Throughout both World Wars, the Yukon Territory set an illustrious example of wartime contribution for the rest of the country. During the First World War, Yukoners gave generously to the war effort, contributing roughly twenty times the national average (in terms of dollars per population size) by raising by 1917 nearly $100, 000. Over six hundred territorial residents volunteered for service out of a population of five thousand. Even the Commissioner of the territory, George Black, stepped down from his position and raised a group of 250 men known as the “Black Contingent”. Several members of the Yukon Council followed suit. Another such resident, Joe Boyle, sponsored a machine gun battery of fifty men. These volunteers were known as the Yukon Motor Machine Gun Battery, and fought as part of the First Motor Machine Gun Brigade at Vimy. The unit’s war diary reveals that it provided support to the 4th Canadian Division in its successful attempt to capture the highest point of the ridge while suffering a handful of casualties.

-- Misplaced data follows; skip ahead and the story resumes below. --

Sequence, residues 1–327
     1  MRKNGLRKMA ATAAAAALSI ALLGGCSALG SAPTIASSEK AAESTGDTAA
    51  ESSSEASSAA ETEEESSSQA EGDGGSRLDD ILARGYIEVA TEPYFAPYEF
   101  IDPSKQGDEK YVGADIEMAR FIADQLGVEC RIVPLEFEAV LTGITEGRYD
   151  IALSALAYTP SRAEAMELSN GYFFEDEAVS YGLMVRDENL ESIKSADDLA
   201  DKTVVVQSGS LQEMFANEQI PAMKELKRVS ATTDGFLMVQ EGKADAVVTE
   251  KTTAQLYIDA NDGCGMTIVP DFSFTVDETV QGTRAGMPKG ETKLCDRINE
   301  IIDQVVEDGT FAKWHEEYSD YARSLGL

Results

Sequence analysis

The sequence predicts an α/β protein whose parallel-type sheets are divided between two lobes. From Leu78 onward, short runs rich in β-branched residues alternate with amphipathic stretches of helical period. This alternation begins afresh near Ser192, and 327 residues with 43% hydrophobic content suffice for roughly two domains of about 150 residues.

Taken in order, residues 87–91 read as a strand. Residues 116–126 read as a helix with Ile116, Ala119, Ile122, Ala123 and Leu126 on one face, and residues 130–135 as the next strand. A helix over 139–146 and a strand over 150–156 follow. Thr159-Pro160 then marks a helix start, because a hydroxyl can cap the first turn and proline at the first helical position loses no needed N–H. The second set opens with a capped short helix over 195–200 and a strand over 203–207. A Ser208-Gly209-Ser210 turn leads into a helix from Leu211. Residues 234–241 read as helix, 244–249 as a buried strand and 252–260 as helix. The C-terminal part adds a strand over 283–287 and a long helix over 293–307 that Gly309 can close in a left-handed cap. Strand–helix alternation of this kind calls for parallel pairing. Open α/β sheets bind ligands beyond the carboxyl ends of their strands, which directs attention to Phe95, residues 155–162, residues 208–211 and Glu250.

During the Second World War, Yukon played a significant role as a key link in a transportation hub supporting the war effort through what was known as the North West Staging Route. About 30, 000 American and Canadian servicemen and civilian workers expanded the facilities of a series of airfields across the Northwest and built a 2,300km-long highway to Alaska to develop an air route to send assistance to Russia. During the 21 months that the program was operational, 7, 983 aircraft were delivered to the Russians.
1. Coates, Ken and Morrison, William. Land of the Midnight Sun: A History of the Yukon. Montreal and Kingston: McGill-Queen’s University Press, 2005.
2. Cohen, Stan B. The Forgotten War: A Pictorial History of World War II in Alaska and Northwestern Canada, Volume 1. Missoula, Montana: Pictorial Histories Publishing Co., Inc., 1981
3. Gates, Michael. “Yukon’s World War 1 soldiers are not forgotten.” Yukon News, Friday, November 14, 2014.
4. Gates, Michael. “Let’s remember the Yukoners who fought at Vimy Ridge during the First World War.” Yukon News, Friday, April 17, 2015.
5. Library and Archives Canada. Yukon Motor Machine Gun Battery War Diary. April 1917, paged 7-10.
Featured Image: Credit: The MacBride Museum of Yukon History.